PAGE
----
Supporting a Daughter that is Self-harming
Self-harming is when people cause themselves physical pain in the hope that it will alter their mood state. Some people harm themselves because they feel disconnected and isolated from everybody, and hurting themselves is the only way they feel real or connected. People who cut often start cutting in their young teens.
If your daughter is self-harming then you may feel frustrated, guilty, confused and hopeless about the situation and how to deal with it.
Self-harm may make internal pain visible on the surface. It is showing that there is a problem that needs to be addressed.
People who harm themselves
- May have difficulty expressing their feelings verbally
- May dislike themselves and have a low self esteem
- May be feeling angry, lonely, have shame and guilt and feel they have no control over their life.
Self-harming can become an addictive behaviour, which can be just as hard to give up as an addictive drug. When people get into a cycle of self-harming behaviour, it can become their main way of dealing with problems, and can start to have a very negative impact on their lives. If your daughter is self-harming, she is not doing it for attention. Research suggests that about two thirds of young people who self-harm don’t even tell anyone, so they can’t be looking for attention.
It is important to recognise that self-harming is not well understood in society, and is not seen as an acceptable way of coping with problems. People that self-harm will also have to deal with the disapproval of other people who don’t understand what they are going through, and who make hurtful comments like, “Pull yourself together”, or “Ignore her, she’s only doing it for attention.”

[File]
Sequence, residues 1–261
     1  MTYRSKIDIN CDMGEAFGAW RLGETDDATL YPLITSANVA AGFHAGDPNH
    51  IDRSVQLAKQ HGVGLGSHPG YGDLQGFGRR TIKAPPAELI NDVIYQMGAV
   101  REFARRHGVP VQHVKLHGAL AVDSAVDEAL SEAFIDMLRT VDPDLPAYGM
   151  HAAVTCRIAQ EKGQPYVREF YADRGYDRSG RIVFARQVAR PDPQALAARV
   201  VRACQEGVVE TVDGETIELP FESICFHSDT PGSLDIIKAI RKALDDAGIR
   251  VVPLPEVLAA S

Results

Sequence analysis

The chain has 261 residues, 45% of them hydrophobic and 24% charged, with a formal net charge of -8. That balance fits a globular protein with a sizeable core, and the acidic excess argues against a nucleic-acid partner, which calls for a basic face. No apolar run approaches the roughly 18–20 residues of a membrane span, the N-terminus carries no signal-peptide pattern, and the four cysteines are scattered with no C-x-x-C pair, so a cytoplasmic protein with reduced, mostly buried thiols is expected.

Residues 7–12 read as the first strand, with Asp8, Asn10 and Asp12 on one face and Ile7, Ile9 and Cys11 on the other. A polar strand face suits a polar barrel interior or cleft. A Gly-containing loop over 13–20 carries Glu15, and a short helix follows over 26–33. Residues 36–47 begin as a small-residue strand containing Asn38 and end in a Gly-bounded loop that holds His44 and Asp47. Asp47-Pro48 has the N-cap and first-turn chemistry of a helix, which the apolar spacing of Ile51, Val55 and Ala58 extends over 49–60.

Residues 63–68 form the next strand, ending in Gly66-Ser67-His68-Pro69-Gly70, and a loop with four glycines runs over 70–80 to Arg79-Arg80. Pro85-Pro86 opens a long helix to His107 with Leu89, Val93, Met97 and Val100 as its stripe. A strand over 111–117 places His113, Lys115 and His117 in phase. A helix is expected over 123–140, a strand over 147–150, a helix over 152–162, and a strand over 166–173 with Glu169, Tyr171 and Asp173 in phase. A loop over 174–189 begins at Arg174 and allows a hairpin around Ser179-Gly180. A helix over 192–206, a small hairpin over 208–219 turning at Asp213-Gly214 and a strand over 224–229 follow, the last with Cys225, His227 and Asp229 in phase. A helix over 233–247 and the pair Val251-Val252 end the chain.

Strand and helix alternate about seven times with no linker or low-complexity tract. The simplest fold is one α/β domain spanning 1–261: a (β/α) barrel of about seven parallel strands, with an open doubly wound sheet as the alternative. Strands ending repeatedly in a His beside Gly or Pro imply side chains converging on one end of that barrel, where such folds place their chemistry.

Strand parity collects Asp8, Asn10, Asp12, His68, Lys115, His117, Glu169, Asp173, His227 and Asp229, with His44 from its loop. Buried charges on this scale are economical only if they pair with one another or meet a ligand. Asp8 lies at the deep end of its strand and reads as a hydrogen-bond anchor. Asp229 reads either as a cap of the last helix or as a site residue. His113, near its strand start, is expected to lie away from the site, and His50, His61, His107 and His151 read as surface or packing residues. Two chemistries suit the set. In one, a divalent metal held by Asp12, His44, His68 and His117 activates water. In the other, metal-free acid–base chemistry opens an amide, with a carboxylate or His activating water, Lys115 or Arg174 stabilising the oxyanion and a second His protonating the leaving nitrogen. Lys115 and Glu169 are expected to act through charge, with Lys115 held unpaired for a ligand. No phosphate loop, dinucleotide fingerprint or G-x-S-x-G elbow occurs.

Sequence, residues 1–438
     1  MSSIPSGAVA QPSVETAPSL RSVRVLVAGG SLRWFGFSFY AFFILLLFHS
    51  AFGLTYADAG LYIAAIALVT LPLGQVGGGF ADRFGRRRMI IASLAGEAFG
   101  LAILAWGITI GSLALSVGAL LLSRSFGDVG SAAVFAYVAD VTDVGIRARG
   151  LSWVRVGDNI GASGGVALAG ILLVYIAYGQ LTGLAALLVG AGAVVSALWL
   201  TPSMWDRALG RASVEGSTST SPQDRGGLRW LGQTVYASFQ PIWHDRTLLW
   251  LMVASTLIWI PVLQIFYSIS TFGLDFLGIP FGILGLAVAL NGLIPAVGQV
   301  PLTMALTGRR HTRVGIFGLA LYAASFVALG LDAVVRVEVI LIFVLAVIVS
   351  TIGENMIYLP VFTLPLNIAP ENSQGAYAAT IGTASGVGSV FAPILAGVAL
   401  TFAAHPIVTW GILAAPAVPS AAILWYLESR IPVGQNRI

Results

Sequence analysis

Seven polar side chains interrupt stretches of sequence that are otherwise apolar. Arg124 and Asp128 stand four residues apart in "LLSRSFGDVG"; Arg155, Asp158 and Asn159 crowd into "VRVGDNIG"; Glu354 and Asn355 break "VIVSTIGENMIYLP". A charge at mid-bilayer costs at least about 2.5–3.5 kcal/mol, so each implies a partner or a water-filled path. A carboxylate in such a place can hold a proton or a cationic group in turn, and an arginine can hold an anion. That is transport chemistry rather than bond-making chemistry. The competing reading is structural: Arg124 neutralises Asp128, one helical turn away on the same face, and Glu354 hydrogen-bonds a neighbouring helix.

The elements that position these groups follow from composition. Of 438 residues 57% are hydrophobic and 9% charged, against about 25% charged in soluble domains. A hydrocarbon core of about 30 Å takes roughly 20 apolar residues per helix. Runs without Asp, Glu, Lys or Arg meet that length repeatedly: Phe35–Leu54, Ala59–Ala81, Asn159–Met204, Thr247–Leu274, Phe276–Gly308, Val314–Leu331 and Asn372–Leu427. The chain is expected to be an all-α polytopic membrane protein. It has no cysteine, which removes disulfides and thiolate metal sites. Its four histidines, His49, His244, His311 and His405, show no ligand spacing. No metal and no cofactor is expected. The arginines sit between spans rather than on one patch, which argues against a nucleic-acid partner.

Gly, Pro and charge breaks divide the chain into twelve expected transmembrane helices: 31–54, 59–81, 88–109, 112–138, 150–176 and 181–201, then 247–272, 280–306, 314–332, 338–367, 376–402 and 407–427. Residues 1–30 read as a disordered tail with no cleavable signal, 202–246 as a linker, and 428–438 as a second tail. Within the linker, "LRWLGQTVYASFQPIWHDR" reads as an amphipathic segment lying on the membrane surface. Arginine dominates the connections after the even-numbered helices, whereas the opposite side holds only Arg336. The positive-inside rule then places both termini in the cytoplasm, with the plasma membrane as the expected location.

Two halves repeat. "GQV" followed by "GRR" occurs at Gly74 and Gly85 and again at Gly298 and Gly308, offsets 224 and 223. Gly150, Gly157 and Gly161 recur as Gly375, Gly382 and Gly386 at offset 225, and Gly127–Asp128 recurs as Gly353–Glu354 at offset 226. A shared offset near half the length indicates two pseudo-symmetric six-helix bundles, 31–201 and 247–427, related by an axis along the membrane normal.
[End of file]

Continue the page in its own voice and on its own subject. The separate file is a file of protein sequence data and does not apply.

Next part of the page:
Finding out that your daughter is deliberately self-harming can be very distressing. It is hard to understand why someone would want to do this. Don’t take it persocx nally, your child is not doing it to make you feel bad or guilty. Often parents are the last to find out their daughter is self-harming.
- Educate yourself. Find out as much information as you can, and talk to a professional about what you can do to support your child.
- Do not ignore her behaviour as it is very serious.
- Be supportive. Let your child know that you are there if she wants to talk.
- Self-harming can be treated.
Even if the thought of your child self-harming causes you to feel really distressed, try to understand what the issues behind the feelings may be, and how you can support her to find more positive ways of coping with the pain.
- Encourage your daughter to write in a journal, recording how she feels and the reasons why she might want to harm herself. Be aware that your child may not want to share this with you so it is important to her that you allow her this privacy, until such time as she is ready to share with you.
- Encourage your daughter to look at the reasons why she is hurting herself, remembering that self-harming is something a person chooses to do, but it is not an effective way of dealing with a problem. The problem will stay until it is dealt with once and for all.
You can suggest that your child changes her method of self-harming by
- Trying something like holding ice cubes in her hand. The cold causes pain but is not dangerous to her health and does not leave her with scars.
- Working off her stress or anxiety with exercise.
- Learning to communicate effectively with how she is feeling.
- Making a list of reasons why she is going to stop cutting, and setting herself some realistic goals to help her stop.
There are people who can help, who want to hear what you and your daughter have to say. They can help her understand that self-harming is destructive and stops her from dealing with her pain.It is critical that you persist in letting your daughter know that you trust and support her to find a way through this experience, no matter how long it takes and no matter how many setbacks there are along the way. If your child believes that you trust her, they will more readily trust in themselves to find a way through.